So, why Flesch? It’s a tool that can be activated in Microsoft Word through the spell check feature and it takes no additional widgets to get. Real talk: everyone uses Word these days for their writing needs. You can’t get much more easily accessible than that.

    This particular method also produces two different statistics: Flesch Reading Ease and the Flesch-Kincaid Grade Level. Flesch Reading Ease determines how easy it is to read what you wrote. It is typically calculated on a scale of 0-100 based mostly on word length; the higher the number the easier your work is to read.  The Flesch-Kincaid Grade Level assigns a grade to your writing on a scale of 0-20 based mostly on sentence length and structure. The lower this score, the easier it is to read and understand your work.

    It’s important to know that not all writing will demand a high Reading Ease and a low Grade Level; some forms of writing are naturally more challenging, like contracts and policies. However, if you find your content doesn’t score where it should, here are a few tips to keep in mind as you edit**:

    • Use short, simple sentences. Find ways to use fewer words to say similar things. This will increase reading ease. Long, complicated sentences are hard to understand and tend to hide your meaning. I always cringe when I get 4-5 page appeal letters for this exact reason. Length isn’t bad, just know your audience and make sure you’re consistently conveying new, direct thoughts.
    • Choose your words wisely. Make sure to put the most important words at the beginning and ends of sentences, and select words that aren’t too long or complex. Short words can be bad for readability too. Multiple prepositions (i.e. of, at, in, on, as, etc.) can indicate long, awkward sentences. We’ve all seen this run rampant in poorly-crafted mission statements. Again, know what you want to say and make sure you’re choosing words your readers know…and for goodness’ sake just say it!
    • Related to this…avoid “empty” words. In the arts, this trap is SO easy to fall into. For example, instead of using the word “program”, you could use: class, seminar, outreach event, a formal event title, production/performance name, etc. Proper names and titles can add so much meaning to even the simplest of texts.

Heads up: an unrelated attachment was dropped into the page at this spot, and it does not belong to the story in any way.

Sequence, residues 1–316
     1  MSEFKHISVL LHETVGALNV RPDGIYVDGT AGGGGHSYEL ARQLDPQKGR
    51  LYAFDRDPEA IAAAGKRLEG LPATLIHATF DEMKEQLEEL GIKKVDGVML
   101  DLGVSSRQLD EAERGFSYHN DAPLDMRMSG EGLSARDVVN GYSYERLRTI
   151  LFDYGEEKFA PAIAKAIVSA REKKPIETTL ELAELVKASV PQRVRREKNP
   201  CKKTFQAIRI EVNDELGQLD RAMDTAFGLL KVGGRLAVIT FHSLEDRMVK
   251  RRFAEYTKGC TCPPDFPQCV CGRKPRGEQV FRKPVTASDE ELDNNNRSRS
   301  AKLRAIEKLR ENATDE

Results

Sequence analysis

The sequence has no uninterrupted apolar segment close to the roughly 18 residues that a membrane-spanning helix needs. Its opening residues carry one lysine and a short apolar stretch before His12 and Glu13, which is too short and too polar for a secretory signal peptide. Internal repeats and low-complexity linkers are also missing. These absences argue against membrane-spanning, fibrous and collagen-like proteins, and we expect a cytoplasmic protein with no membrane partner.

• Don’t be afraid of first person. When writing on behalf of an organization, it is OK to use “we” or “our” in the proper setting (unless you have a specific reason not to). This helps express ownership and makes the organization seem more welcoming and less bureaucratic. Just, don’t overdo it. Like all good things, exercise moderation.

    Hopefully someone in the EALDC-verse found this helpful and is now better prepared to compose a killer e-newsletter, grant application, contract, annual appeal letter, and more. A strong aptitude for writing may be one of the most important skills that any arts manager can have in their arsenal and tools like this can be invaluable resources for self-motivated professional development. 

    I’ll leave you with this…this blog post scored a 64.8 on the Flesch Reading Ease scale and a Flesch-Kincaid Grade level of 7.8.  How do YOU think I did?


    **Tips for this blog post have been sourced from an invaluable presentation done by Shane Pekny at the 2016 Grantmakers in the Arts Conference titled “Readability Statistics: How to Write With Greater Power, Clarity, and Economy”. Some tips were pulled from additional sources, which are listed below.